Point Defects

Point defects explain about the imperfections of solids along with the types of point defects. Crystalline solids are formed by joining many small crystals. Different types of defects are found in crystals after the process of crystallization.

Point defects are accounted for when the crystallization process occurs at a very fast rate. These defects mainly happen due to deviation in the arrangement of constituting particles. In a crystalline solid, when the ideal arrangement of solids is distorted around a point/ atom it is called a point defect.

Defects or Imperfections in crystalline solid can be divided into four groups namely line defects, point defects, volume defects and surface defects. Historically, crystal point defects were first regarded in ionic crystals, not in metal crystals that were much simpler.

There are 3 types of point defects:

  1. Stoichiometric defect
  2. Frenkel defect
  3. Schottky defect

Table of Contents

1. Stoichiometric Defect:

In this kind of point defect, the ratio of positive and negative ions (Stoichiometric) and electrical neutrality of a solid is not disturbed. Sometimes it is also known as intrinsic or thermodynamic defects.

Fundamentally, they are of two types:

  • Vacancy defect: When an atom is not present at their lattice sites, then that lattice site is vacant and it creates a vacancy defect. Due to this, the density of a substance decreases.
  • Interstitial defect: It is a defect in which an atom or molecule occupies the intermolecular spaces in crystals. In this defect, the density of the substance increases.

A non-ionic compound mainly shows vacancy and interstitial defects. An ionic compound shows the same in Frenkel and Schottky defect.

2. Frenkel Defect:

In ionic solids generally, the smaller ion (cation) moves out of its place and occupies an intermolecular space. In this case, a vacancy defect is created on its original position and the interstitial defect is experienced at its new position.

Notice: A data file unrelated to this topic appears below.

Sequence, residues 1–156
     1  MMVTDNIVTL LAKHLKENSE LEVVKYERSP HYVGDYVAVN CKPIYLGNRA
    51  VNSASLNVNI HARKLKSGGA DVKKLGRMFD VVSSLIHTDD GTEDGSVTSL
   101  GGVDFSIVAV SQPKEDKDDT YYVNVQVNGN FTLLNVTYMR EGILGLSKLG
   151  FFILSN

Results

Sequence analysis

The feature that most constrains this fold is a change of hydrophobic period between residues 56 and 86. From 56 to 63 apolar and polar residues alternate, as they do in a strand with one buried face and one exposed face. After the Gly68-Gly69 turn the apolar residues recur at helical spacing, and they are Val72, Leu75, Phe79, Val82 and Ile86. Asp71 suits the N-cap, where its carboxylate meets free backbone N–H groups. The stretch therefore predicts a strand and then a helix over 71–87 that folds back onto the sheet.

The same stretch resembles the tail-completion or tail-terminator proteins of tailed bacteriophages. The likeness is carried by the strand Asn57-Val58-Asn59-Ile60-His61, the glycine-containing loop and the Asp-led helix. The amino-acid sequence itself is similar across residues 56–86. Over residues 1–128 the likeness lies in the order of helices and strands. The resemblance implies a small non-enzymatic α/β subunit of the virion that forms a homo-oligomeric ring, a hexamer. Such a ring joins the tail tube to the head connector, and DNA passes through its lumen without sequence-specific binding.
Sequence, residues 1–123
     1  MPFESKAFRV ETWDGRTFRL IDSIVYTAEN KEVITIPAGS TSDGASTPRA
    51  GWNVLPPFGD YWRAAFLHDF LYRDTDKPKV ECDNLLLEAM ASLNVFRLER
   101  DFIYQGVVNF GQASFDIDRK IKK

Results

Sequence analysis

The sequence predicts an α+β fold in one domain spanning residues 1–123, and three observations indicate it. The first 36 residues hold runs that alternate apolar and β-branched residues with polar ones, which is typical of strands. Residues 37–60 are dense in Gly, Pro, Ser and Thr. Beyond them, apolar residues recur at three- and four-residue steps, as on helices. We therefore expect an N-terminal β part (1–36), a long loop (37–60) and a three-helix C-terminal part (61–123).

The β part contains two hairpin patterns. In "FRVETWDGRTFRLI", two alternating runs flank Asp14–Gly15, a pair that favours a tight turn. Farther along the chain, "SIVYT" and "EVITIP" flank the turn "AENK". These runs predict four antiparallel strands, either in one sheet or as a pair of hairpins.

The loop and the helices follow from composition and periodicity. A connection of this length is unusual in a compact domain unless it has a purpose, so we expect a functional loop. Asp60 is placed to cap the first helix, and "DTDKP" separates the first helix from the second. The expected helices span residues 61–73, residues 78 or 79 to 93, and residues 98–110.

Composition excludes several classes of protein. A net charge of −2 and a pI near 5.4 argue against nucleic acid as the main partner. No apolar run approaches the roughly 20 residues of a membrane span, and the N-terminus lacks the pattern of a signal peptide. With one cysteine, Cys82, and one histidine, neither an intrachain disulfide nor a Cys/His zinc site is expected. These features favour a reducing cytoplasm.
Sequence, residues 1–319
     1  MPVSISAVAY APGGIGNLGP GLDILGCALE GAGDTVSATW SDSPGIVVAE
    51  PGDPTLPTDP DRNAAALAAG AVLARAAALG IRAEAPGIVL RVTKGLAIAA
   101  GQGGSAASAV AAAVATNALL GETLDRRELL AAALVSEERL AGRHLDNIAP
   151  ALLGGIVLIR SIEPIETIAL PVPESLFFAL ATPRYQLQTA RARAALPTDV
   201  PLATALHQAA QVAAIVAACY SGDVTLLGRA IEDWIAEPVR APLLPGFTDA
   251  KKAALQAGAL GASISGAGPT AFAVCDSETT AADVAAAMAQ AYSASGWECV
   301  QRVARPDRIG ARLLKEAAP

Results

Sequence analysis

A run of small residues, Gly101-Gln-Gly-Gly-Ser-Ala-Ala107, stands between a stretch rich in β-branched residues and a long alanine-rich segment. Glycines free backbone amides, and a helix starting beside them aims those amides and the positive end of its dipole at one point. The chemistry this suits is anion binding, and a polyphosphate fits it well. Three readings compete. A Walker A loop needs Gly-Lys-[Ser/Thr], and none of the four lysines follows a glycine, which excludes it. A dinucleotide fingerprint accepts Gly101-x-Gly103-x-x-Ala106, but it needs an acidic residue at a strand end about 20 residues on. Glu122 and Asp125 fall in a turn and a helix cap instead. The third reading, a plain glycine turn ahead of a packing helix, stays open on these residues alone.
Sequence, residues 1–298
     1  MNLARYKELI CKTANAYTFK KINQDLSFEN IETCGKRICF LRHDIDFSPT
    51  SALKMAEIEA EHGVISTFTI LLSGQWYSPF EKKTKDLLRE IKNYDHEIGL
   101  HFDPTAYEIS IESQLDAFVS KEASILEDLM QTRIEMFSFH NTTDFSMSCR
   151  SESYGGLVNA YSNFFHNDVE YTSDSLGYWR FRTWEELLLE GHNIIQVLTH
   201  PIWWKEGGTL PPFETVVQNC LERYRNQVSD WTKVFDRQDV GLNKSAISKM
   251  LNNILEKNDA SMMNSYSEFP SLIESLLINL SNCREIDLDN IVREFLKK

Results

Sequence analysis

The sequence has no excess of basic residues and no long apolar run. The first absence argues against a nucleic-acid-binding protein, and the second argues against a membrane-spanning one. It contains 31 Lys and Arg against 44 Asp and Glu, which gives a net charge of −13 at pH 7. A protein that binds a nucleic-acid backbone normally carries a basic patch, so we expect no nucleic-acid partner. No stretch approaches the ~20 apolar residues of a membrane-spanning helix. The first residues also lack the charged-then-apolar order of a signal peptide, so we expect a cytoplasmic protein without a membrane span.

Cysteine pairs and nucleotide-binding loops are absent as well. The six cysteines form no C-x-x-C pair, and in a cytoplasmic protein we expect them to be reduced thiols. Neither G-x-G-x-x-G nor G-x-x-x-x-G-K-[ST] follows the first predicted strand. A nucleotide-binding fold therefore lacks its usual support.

• It is also known as dislocation defect.
  • The density of a substance remains unchanged.
  • It happens when there is a huge difference in the size of anions and cations.
  • Example: ZnS and AgCl.

Frenkel Defect

3. Schottky Defect

  • This kind of vacancy defects is found in Ionic Solids. But in ionic compounds, we need to balance the electrical neutrality of the compound so an equal number of anions and cations will be missing from the compound.
  • It reduces the density of the substance.
  • In this, the size of cations and anions are of almost the same.

Schottky Defect

  1. Impurity Defect: Let’s understand the impurity defect by an example. If molten NaCl is crystallized with SrCl2 compound then the Sr2+ ions replace two Na+ ions and occupy the place of one Na+ In this way the lattice site of one Na+ is vacant and it creates an impurity defect.
  2. Non-Stoichiometric Defect: In this defect, the cations and anions ratio is disturbed either because of adding or removing of ions.

Types of Non-Stoichiometric Defect:

  1. Metal deficiency defect: In this, the solids have less number of metals relative to the described Stoichiometric proportion.
  2. Metal excess defect: There are two types of metal excess defect:
  • Metal excess defect due to anionic vacancies: This occurs due to the absence of anions from its original lattice site in crystals. Therefore, instead of anions, electrons occupy their position
  • Metal excess defect due to the presence of extra cations at interstitial sites: Here, on heating the compound, it releases extra cations. These cations occupy the interstitial sites in crystals and the same number of electrons goes to neighbouring interstitial sites.

There is so much to learn about the crystalline solids, its structure and its defects. This is just the overview of point defects in solids.

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Frequently Asked Questions – FAQs


What are point defects with examples?

Point defects are zero-dimensional lattice defects, meaning they have no lattice structure in any dimension. Impurity atoms in a pure metal, vacancies, and self-interstitials are examples of point defects.


What are point defects in solids?

Defects that occur only at or near a single lattice point are known as point defects. They are not physically extended in any way. In most cases, there are no clear constraints on how small a point defect can be. These flaws, on the other hand, usually only entail a few extra or missing atoms.


Which is a line defect?

Line defects, also known as dislocations, are lines in a solid along which entire rows of atoms are arranged abnormally. The ensuing spacing irregularity is most apparent along a line known as the line of dislocation. Solids can be weakened or strengthened by line faults.


What is point defect in crystal?

The simplest defects that can be found in any crystal phase are point defects. They are focused on single crystal structure sites, which may be consistently inhabited by chemical species or otherwise unoccupied sites of the vacant interstitial sublattice.


Is dislocation a point defect?

The interaction between a dislocation and a point defect is modelled as follows: a dislocation, which is considered to be straight, is located at a glide plane projected distance from a point defect, which is located at a height z above the glide plane.

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